• It is clear that Indian civilisation has not had much success in ensuring their delivery
  • If any progress has at all been made in the desired direction, it has been after the adoption of a democratic form of governance; an arrangement that is distinctly non-Indian in its origins. In terms of human development, 21st century India is radically different from what it was in the 20th century. 



  • While “constitutional morality”, a term used by Ambedkar to appropriately reject any role for “societal morality” in the Republic, is of course a useful guide to the courts when it comes to adjudicating between individuals, it is by itself helpless in preventing acts of violence. 
  • The efficacy of constitutional provisions is entirely dependent on the government machinery entrusted to our elected representatives
  • In too many cases of violence against women, Muslims and Dalits, the Indian state is distinguished by its absence.

Topic: India and its neighborhood- relations. 

5) The cultural ecology of Gwadar and Chabahar have the potential to become part of Indian soft-power diplomacy. Analyse. (250 Words)

The Indian Express



  • The geopolitics around the Indian Ocean has placed Gwadar and Chabahar at the centrestage of an engaging chess game of power. The two ports also have the potential to become part of Indian soft-power diplomacy
  • The cultural ecology of Gwadar and Chabahar, defined by the idea of “Baloch”, make them suitable for such a project. 


Baloch Cultural heritage

  • The Baloch, a semi-nomadic and pastoral community, carry the collective memory of West, Central and South Asia along with the recollections of their connections to the Greeks, as part of their cultural heritage. 
  • While they are Muslims, the strains of other beliefs such as Hinduism, Zoroastrianism and Sufism influence various aspects of the Balochi cultural heritage. 
  • Their language, bardic traditions and traditional knowledge skills comprising linguistics, crafts, performing arts, rituals, and pastoral and agricultural traditions recall a cultural map of different parts of Asia. They encompass an ethos forged through ideas exchanged over centuries through land and sea routes.



  • While the association of Balochistan with economics, security and other areas of hard diplomacy is well-known, its shared cultural heritage with communities in India makes it amenable to soft power diplomacy.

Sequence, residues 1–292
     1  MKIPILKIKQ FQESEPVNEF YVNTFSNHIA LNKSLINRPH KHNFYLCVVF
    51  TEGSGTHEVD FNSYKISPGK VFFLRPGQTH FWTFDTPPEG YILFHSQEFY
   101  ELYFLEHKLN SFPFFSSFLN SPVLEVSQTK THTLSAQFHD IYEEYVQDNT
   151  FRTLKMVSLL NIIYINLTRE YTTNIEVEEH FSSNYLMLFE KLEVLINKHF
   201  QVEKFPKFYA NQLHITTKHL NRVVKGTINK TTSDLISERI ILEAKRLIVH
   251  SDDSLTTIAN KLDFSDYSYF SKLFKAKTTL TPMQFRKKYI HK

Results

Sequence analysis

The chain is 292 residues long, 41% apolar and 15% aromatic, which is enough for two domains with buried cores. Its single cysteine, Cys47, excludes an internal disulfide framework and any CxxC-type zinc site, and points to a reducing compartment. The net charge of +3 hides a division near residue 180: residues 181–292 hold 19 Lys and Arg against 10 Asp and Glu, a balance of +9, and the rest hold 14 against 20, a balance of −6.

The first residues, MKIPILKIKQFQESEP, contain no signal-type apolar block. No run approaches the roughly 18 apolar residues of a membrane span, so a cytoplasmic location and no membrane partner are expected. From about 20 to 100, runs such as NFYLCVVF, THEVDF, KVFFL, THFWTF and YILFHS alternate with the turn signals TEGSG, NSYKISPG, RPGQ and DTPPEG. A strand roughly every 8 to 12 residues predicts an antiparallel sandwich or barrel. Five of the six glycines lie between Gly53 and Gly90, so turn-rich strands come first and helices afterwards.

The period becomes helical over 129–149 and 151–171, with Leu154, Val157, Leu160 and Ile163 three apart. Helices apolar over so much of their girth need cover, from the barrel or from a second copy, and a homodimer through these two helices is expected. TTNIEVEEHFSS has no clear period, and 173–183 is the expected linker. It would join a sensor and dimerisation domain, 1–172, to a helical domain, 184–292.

• Besides being a part of road and ocean routes, Balochistan can also be a part of a skill corridor. The creation of such a corridor — facilitated by shared cultural ecology and traditional knowledge systems — could lead sustainable skill programmes that draw on people-to-people contact at the grass roots level.

Topic:  Issues relating to development and management of Social Sector/Services relating to Health,

6) A National Technical Advisory Group on Immunisation (NTAGI) has proposed that a vaccine against the human papillomavirus (HPV), which causes cervical cancer, be introduced in India’s Universal Immunisation Programme (UIP). Discuss the issues involved in introduction of HPV vaccine. (250 Words)

The Indian Express



  • A National Technical Advisory Group on Immunisation (NTAGI) has proposed that a vaccine against the human papillomavirus (HPV), which causes cervical cancer, be introduced in India’s Universal Immunisation Programme (UIP). 
  • NTAGIs are a “technical resource providing guidance to national policymakers and programme managers to enable them to make evidence-based immunisation-related policy and programme decisions”.
  • Globally, cervical cancer is the fourth most frequent cancer in women; among Indian women, it is the second most frequent, according to the WHO.
  • India accounted for a third of all global cervical cancer deaths, with 1.32 lakh new cases diagnosed annually, mostly in advanced stages. 
  • While India has seen a fall in the incidence of cervical cancer over the last three decades, the number of cases remains high in rural areas, and where sanitation and hygiene are low. 


Arguments against HPV introduction


  1. Cost
  • In India, the primary concern is cost, given the huge population and stretched healthcare budgets. 
  • A single shot of Gardasil costs approximately Rs 3,000 and Cervarix, about Rs 2,000. Each girl requires three shots. 


  1. Efficacy
  • At present, no data suggests that either Gardasil or Cervarix can prevent invasive cervical cancer as the testing period is too short to evaluate the long-term benefits of HPV vaccination.